Fuel traders start slashing prices
Golden Sibanda and Tinashe Nhari—
FUEL traders have started slashing prices following Government’s directive to reduce prices in line with falling global oil prices. However, indications are that some traders may not cut prices to levels set by Government. Energy and Power Development Minister Dr Samuel Undenge last week issued a two-week ultimatum, effective December 31 2014, instructing fuel traders to reduce the cost of fuel.
Minister Undenge said the retail price of petrol should come down to a maximum of ,32 per litre and diesel to $ 1,20 starting today and threatened unspecified action if dealers do not comply.
A snap survey yesterday showed that while fuel dealers had started slashing prices, they had not reduced them to the thresholds prescribed by Minister Undenge on Friday last week.
Total Zimbabwe commercial director Mr Dominic Dhanah said while they would want to comply with the Government’s directive, the prices would enable local dealers to realise decent profits.
“We are going to hold a meeting today (yesterday) with the Minister of Energy to discuss the reasons why local fuel traders have not reduced prices to the one set by the Government,” he said.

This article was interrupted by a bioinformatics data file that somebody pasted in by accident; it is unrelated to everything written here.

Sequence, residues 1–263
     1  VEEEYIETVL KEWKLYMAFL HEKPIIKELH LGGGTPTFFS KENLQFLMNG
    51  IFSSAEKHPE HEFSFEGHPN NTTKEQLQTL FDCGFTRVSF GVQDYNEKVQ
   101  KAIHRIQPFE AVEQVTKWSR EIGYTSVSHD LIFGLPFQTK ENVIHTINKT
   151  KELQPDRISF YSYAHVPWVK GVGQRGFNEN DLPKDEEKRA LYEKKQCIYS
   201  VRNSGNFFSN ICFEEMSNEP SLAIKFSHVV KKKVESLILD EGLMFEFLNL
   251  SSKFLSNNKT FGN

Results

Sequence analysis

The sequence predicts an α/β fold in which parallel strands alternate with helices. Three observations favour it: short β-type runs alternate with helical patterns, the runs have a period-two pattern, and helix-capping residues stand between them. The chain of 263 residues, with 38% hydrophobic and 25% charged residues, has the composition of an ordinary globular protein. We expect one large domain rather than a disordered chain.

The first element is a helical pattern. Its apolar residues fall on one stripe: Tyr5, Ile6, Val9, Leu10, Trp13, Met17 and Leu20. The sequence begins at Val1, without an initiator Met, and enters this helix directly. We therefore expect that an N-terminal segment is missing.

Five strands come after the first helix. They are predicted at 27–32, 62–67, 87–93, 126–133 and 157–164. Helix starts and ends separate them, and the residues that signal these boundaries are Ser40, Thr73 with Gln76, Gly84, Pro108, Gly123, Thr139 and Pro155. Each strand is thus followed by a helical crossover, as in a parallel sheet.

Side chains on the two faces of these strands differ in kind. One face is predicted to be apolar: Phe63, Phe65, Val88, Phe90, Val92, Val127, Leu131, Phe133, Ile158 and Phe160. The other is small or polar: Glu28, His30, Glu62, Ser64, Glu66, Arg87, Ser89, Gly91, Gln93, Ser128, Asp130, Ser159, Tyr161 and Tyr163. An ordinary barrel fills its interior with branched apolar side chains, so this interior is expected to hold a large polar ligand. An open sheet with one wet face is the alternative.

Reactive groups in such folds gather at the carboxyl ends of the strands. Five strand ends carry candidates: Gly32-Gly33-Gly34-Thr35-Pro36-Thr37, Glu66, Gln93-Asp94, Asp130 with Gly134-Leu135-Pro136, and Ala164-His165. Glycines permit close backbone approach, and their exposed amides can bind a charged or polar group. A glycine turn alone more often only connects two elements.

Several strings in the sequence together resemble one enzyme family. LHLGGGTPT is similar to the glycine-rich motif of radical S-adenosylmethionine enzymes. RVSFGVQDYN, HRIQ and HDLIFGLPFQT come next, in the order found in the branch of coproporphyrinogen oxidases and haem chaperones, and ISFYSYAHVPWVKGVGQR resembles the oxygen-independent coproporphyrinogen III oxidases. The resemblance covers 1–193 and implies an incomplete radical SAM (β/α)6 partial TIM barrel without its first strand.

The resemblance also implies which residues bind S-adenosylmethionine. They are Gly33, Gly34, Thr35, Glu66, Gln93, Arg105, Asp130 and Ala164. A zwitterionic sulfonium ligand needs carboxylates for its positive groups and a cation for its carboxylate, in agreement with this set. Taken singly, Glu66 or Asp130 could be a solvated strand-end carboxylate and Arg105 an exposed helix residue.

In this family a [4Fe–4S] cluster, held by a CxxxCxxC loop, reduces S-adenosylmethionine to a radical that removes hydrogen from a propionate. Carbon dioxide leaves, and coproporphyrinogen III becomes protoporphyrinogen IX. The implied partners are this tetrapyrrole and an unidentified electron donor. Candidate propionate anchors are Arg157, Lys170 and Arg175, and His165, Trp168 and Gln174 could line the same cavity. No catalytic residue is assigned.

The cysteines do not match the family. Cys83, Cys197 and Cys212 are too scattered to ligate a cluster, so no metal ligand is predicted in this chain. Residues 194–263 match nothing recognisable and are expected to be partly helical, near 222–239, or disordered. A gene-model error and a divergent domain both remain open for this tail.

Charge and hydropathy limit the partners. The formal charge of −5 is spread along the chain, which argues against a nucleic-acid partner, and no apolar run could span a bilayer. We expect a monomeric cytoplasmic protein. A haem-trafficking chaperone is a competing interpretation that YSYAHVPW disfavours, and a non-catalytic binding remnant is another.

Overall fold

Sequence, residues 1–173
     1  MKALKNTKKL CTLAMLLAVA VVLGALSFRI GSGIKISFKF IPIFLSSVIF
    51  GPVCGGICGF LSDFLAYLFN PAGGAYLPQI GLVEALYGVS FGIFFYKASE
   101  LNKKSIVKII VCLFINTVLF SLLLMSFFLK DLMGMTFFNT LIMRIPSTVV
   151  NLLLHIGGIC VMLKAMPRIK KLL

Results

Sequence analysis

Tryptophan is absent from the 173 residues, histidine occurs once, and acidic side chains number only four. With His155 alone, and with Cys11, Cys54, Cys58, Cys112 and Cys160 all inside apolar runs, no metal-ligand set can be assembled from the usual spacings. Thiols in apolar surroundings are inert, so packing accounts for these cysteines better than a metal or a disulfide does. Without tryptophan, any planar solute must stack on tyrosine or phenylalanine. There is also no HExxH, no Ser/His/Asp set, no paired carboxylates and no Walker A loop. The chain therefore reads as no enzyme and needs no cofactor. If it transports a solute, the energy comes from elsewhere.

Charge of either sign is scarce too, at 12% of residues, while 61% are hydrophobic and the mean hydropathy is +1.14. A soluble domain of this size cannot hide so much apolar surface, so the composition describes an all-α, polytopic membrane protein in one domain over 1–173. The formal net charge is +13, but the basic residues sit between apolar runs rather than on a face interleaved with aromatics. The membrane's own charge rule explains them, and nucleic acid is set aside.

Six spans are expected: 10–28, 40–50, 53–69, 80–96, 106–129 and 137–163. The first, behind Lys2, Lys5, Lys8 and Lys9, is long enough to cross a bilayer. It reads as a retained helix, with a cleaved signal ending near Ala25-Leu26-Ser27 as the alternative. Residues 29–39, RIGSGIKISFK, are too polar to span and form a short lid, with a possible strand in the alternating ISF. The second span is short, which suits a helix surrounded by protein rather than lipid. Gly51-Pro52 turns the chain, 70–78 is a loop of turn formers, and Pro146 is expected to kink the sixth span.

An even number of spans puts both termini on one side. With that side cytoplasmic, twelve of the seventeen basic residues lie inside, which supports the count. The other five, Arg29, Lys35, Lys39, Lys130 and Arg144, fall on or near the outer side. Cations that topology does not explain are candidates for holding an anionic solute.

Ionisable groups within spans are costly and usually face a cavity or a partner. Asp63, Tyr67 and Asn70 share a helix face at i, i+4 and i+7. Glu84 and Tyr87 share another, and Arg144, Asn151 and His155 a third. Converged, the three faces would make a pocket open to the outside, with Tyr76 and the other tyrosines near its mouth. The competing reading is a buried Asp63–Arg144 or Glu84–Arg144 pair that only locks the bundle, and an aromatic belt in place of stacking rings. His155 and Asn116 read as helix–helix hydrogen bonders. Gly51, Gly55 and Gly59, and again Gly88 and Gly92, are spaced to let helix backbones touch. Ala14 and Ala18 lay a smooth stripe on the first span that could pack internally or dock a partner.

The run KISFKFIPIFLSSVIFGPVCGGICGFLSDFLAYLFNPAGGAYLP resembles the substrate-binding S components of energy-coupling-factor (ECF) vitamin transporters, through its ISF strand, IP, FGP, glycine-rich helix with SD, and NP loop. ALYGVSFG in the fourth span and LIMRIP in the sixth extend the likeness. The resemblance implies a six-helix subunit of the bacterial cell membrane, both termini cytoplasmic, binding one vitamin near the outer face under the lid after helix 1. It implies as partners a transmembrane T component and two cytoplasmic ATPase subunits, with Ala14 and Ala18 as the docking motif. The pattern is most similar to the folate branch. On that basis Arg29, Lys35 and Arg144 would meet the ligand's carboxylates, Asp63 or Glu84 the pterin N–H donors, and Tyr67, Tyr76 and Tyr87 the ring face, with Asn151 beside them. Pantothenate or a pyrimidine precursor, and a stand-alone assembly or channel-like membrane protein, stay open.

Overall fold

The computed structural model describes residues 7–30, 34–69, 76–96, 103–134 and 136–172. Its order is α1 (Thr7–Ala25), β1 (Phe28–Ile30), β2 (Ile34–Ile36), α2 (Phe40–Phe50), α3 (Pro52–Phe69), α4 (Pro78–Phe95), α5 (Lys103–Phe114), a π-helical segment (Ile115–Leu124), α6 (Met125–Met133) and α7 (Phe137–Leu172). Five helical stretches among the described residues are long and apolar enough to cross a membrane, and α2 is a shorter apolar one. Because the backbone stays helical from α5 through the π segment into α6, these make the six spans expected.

Sakunda Energy reduced the price of petrol from $ 1,57 per litre to $ 1,33 and diesel had come down from $ 1,47 per litre to ,44, far short of the maximum allowable price of ,32 per litre.
Total Zimbabwe cut its price of diesel from ,40 per litre to $ 1,38 and petrol from $ 1,52 per litre to $ 1,49 while Floyd Enterprises had prices pegged at $ 1,36/l for diesel and $ 1,48 for petrol.
Zuva cut diesel prices from ,36/litre to ,29 and from ,50/litre to ,41 for petrol and it remains to be seen whether the retailers are going to reduce the prices to the required limits.
Local service stations workers yesterday said that prices had been reduced to finish up old stock prices and may be reduced further as the day progresses in line with the ministry’s directive.
While global oil prices had come down almost 50 percent between June and December 2014, traders had not cut prices as has happened in other countries, including Zimbabwe’s neighbours.